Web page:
"When I think of all that could have been lost at sea, I am truly thankful."

Sunday, September 09, 2007

Holiday heaven

Croatia is a grand spot alright.

The pic above is a view from the old city walls, out to sea down towards Greece direction. It was a scorcher of a day, definite two showers weather and no mistake - maybe three.

T McD likes places like the old town Dubrovnik. Narrow cobbled streets, olde worlde charme that makes you add superfluous Es to the ende of wordes, copious restaurants and watering holes tucked away in the shade, sights, smells and unusual architecture. Nice folks too are the Croatians and unlike in other tourist traps, don't rape you with their beer charges. I was quaffing Lasko and Ozujsko and Karlovasco and other phonetically challenging beverages all week and wasn't putting a dent in three euros for some very fine pints indeed. Or Kuna as they spend over there, with the rule of thumb being to divide every price by seven which gives you a fair estimation of the euro equivalent.

Allow T McD to offer some advice at this stage. Dubrovnik is really only somewhere to spend about four days maximum. You'll comfortably and at your leisure see all there is to see in that time (the old town basically, as there's bugger all else to be honest) so unless you want to spend the rest of your time island-hopping (more of which anon), lying about toasting yourself in the sun, or get your kicks from swimming alot (I don't. That is to say, I can't), I'd think more in terms of a short stop over. Otherwise you'll be scratching your head for something to do after a few days.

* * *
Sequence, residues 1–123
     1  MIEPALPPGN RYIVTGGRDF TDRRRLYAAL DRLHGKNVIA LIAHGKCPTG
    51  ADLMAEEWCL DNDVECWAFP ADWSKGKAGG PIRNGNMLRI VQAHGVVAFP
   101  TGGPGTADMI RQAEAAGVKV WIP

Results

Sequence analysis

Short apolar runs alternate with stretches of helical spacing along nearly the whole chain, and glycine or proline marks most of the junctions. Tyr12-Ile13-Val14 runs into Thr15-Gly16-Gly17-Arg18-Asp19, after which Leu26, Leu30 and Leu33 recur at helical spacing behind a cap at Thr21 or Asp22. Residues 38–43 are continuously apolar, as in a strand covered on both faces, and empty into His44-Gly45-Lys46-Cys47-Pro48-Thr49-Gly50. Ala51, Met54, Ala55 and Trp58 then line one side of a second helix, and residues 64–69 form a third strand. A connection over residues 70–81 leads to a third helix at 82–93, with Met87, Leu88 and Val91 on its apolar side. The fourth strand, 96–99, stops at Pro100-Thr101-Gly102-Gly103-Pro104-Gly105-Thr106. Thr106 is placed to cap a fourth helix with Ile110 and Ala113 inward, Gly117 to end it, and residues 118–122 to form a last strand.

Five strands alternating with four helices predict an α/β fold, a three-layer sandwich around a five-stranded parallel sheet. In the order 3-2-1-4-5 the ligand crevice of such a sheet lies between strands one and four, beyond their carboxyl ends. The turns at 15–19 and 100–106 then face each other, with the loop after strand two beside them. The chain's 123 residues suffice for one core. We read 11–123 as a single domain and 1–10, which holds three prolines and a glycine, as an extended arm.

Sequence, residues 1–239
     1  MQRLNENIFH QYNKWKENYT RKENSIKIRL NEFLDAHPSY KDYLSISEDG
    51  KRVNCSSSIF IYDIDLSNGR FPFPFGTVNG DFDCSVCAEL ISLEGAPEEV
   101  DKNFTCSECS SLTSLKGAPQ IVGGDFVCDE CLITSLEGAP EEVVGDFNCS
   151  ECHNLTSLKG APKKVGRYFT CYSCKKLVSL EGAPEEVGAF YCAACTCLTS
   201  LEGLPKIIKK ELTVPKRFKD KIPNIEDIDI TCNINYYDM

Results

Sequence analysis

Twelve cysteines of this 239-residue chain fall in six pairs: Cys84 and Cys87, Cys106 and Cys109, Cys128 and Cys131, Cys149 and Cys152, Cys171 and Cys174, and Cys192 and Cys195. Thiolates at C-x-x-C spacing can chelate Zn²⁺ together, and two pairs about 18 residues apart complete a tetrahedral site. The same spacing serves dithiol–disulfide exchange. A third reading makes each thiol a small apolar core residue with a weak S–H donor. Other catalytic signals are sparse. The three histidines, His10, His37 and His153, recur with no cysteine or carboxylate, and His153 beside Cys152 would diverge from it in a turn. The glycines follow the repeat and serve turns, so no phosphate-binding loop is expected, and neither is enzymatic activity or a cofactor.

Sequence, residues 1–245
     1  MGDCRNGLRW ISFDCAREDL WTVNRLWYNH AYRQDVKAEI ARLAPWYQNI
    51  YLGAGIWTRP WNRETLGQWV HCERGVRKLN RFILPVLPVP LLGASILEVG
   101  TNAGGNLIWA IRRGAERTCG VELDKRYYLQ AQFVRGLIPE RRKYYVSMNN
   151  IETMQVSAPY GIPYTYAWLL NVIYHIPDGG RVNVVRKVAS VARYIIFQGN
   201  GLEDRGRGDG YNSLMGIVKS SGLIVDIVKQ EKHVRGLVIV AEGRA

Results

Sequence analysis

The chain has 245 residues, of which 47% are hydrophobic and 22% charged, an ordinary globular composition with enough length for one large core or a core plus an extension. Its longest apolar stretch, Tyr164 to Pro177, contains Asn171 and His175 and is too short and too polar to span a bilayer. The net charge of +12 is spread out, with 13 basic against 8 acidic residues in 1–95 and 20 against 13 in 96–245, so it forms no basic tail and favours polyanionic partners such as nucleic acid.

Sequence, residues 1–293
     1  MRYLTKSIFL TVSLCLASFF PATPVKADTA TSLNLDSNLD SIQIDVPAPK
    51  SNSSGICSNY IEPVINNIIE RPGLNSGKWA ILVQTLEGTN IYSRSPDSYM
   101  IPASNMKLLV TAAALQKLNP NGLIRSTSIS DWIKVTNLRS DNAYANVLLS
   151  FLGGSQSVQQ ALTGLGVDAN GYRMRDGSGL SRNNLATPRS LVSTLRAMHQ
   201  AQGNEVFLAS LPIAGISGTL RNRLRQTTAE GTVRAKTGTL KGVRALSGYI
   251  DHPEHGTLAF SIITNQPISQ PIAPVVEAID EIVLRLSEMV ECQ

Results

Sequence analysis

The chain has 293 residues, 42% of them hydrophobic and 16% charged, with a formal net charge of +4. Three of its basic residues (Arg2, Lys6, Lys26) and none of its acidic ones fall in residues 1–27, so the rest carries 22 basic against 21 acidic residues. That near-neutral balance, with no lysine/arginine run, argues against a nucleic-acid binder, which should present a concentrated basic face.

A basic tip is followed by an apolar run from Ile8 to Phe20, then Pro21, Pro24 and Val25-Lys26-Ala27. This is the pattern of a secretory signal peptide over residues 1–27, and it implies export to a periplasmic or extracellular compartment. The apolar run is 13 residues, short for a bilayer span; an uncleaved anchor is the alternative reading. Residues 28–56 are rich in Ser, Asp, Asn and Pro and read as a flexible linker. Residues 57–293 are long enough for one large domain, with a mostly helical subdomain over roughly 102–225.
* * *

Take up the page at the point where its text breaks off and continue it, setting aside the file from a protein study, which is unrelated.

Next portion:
Still, all things told, a jolly holiday overall and well pleased is MooDog and the other half, Miaow Cow (she'd be chuffed with this moniker. No, really). It's always nice to get away from grimy old Ireland, lock one's inner gym-Nazi in a locker and kick back and forget about it all. Weather-wise we had three belters of days at the start but on the day of the dreaded boat trip (more of which anon. Sorry for going on and on...) the sky had clouded over, a nippy little breeze got up and the temperature dropped considerably. It was much the same day after, pissed rain the day after that and finally, brightened up (but was still quite cool) on the last day. Felt a bit short-changed that mother nature chose my week's holiday to tinker with the previously uninterrupted sunshine and 30-degree temperatures, but such is life.

Food-wise, the standard is pretty even overall as well. But you'll quickly tire of the repetitive fare of risotto doused in squid ink (pass the bucket) as well as multifarious pizzas and pastas - they're all nice but I'd have loved an Indian meal or something.
Fact is, there's very little originality in the menus and when you've seen one you've seen them all. With my legendary appetite - surely by now positioned somewhere in the same stratosphere as Radge's fabled iron constitution - this was something of a let down also but nothing much to write home and moan about either which is why I'm venting it a la blog it in instead of bothering me Mammy with a letter about such trifles. Or the lack of trifles even. Ah whatever.

I'd recommend. It's an incredibly pretty place, the weather is usually purgatory-like if you prefer that flayed sinner look, it's reasonably priced, there's nice people and it's easy to get about as it's quite a compact little spot. And there's the history and culture too. Hard to believe the place was bombed as recently as 1992 but the pictures are there in the museums to prove it, although you'd never tell such has been the swiftness and diligence of the repairs.

By the way, my tan is hilarious. Brown arms, neck and face, complemented by a milky white torso.

This is because I never expose my breasts in public. Despite some very flattering financial offers.
Tuesday, September 04, 2007

Greetings from Hrvatska

So that's what Raikonnen does for kicks away from the track. Moo and woof from Croatia.